We just took a new look at a problem we’ve exposed for years and it led us to dig into why things haven’t changed.
The I-Team recently requested EMS records and 911 recordings of calls from medical emergencies. We heard callers losing patience.
“Somebody already called, but I don’t hear any sirens,” a woman told a dispatcher at one scene.
“Send an ambulance!” another caller in an emergency yelled.
“I’ll wait. Nothing I can do but wait.” a woman said after being told she’d have to wait.
The recordings also show dispatchers letting callers know that no ambulance is coming right away.
“Due to the current call volume, I’m unable to dispatch an ambulance,” one 911 dispatcher said.
“Keep reassuring her that the ambulance is on the way, OK?” another said to a person calling for a loved one in distress.
Meanwhile, Martha Santiago spoke out to the I-Team after she says she got hit last month by a hit and run driver. Records show she waited 18 minutes for an ambulance.
“I was confused and in pain,” she said. “Everybody around me was screaming, so at the same time I was in shock, I was scared and angry.”
Recently, we also revealed the case of a man found on the Shoreway after an apparent hit and run. City records show it took 16 minutes to get an ambulance to Kendrick Shadwick. Firefighters pronounced him dead after 15 minutes.
In September, his mother told us, “I would have expected a quicker response time. If the ambulance would have responded quicker, I feel like he would have had a fighting chance.”
The I-Team also found, in October, it took 16 minutes to get an ambulance to a man who’d been shot and wounded.
He called 911 himself, saying, “It was a shoot-out thing. I got hit by one stray bullet.”
“Is there any serious bleeding?” the dispatcher said.
“Ma’am, I got a hole going through the bicep of my arm,” he answered.
Back to our question of what’s being done about the delays. We’ve shown you before, the I-Team has sent emails to the mayor’s office countless times asking to talk to him about this. His office has never made him available.
So, we looked back at the promises of Mayor Justin Bibb.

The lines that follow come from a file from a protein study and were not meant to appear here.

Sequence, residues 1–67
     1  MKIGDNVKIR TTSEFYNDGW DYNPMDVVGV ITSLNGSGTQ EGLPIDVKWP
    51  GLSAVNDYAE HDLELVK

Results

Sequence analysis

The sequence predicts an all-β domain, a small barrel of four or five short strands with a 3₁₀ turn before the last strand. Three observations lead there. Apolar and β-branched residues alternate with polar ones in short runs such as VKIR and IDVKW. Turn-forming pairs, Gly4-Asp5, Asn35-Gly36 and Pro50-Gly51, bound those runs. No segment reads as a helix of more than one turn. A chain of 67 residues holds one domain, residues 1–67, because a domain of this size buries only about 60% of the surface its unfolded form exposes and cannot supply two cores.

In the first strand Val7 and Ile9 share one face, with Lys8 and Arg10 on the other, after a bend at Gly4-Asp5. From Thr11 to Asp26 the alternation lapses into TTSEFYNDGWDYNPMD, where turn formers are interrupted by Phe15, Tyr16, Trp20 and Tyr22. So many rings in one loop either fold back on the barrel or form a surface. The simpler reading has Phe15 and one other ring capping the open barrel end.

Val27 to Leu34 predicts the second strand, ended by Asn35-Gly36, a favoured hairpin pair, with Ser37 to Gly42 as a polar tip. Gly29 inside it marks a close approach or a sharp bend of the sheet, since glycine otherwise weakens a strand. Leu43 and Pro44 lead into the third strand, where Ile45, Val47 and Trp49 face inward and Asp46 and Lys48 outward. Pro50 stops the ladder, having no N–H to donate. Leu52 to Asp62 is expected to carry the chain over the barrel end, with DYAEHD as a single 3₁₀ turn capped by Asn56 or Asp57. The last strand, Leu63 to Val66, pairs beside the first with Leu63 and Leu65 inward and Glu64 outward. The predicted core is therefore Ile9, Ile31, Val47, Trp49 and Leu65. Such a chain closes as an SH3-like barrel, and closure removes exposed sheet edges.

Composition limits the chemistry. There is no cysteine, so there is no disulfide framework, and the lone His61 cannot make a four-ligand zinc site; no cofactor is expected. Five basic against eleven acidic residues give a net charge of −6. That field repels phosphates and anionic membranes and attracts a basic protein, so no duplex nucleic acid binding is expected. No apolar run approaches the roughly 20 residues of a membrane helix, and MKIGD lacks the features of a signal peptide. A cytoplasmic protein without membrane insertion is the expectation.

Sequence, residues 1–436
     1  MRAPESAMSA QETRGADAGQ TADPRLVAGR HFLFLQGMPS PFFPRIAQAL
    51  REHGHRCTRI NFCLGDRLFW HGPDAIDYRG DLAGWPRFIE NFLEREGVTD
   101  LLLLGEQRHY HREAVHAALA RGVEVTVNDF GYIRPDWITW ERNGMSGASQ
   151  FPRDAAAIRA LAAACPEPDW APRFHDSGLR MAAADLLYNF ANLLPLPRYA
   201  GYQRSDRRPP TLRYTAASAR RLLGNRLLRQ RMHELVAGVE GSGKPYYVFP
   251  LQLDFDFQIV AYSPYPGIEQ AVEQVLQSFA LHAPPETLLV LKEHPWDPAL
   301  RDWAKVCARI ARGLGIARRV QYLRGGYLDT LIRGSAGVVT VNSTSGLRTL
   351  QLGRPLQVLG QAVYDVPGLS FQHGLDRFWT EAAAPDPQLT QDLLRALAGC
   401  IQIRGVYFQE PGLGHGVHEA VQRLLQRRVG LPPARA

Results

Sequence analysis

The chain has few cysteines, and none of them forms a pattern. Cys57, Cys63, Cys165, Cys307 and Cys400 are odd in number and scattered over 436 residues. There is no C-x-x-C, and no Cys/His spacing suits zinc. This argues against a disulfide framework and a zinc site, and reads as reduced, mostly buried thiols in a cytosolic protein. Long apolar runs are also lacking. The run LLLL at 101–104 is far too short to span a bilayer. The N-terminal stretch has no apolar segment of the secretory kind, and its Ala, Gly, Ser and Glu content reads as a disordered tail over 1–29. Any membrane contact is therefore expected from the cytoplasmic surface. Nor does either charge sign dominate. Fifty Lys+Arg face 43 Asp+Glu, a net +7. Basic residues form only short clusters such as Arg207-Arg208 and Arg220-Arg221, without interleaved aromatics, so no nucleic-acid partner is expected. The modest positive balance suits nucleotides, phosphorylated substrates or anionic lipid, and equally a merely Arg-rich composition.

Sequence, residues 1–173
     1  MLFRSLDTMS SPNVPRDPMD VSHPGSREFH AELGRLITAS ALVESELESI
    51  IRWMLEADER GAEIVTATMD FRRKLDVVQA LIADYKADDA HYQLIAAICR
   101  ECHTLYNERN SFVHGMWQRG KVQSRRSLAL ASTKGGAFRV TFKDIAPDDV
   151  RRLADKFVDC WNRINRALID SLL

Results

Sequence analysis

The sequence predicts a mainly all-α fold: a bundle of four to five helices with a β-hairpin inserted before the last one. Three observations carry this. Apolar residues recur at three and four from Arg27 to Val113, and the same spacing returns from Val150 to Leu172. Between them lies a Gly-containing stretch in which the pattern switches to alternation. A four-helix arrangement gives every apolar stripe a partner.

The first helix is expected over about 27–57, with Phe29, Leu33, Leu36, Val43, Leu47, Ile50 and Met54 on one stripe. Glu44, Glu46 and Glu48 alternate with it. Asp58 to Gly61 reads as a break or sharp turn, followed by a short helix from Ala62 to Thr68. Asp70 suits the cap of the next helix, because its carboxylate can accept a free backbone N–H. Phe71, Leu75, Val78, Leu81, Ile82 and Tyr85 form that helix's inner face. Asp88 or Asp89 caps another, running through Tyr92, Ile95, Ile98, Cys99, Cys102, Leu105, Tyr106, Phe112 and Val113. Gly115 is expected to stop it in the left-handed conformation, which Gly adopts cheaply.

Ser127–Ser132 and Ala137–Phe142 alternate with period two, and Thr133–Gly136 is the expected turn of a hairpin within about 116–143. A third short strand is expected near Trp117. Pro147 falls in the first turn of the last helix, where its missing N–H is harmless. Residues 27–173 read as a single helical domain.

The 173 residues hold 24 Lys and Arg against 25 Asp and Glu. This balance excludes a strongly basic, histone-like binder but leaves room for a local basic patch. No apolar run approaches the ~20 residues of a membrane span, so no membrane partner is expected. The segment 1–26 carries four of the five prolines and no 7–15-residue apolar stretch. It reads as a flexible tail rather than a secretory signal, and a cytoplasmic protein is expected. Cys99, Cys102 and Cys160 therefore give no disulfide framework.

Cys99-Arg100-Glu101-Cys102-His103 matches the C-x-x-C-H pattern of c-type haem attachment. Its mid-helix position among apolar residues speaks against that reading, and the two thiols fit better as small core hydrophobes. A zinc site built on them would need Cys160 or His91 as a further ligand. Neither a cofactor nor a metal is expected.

In October, 2021, while running for office, he told the I-Team, “We’ve got to get back to investing in basic city services because it truly is a matter of life and death.”
Then, in November, 2021, just after he got elected, the mayor told the I-Team, “Listen we have to take a comprehensive look at the entire system. Everything’s on the table as we look at what’s working, what’s not working.”
Yet, just weeks ago, we tried catching up with the mayor after a public event, but he went to his office and a spokesperson told us that he wasn’t coming out to talk to us.
We’ve found, for a very long time, the biggest problem leading to Cleveland EMS delays has been short-staffing. So, ambulances get taken out of service.
Years ago, the city raised taxes, in part, to meet a target of having 25 ambulances on the street during the day and 21 at night.
EMS time records show, every day in September, Cleveland EMS failed to meet that target. The day with the most ambulances shut down happened during the Cleveland Air Show with huge crowds downtown.
You should know that many ambulance services nationwide are battling short-staffing.
Still, the I-Team keeps asking what’s being done to address it in Cleveland.
Some taxpayers wonder this too after those promises from the mayor.
“He lied, he lied to all the people saying he was going to do something about it and he never did,” Santiago said.
The city recently made a change at the top of its EMS service, but that came after the commissioner was promoted to another job in the Department of Public Safety and given a raise of nearly $6,000.
We also requested to sit down and interview the new EMS Commissioner. That request was denied.
“All interview requests are not automatically granted,” a city hall spokesperson wrote. “The Cleveland Division of Emergency Medical Service has not been exempt from the workforce shortage that has plagued the country. However, Cleveland EMS still provides excellent service to the citizens of Cleveland.”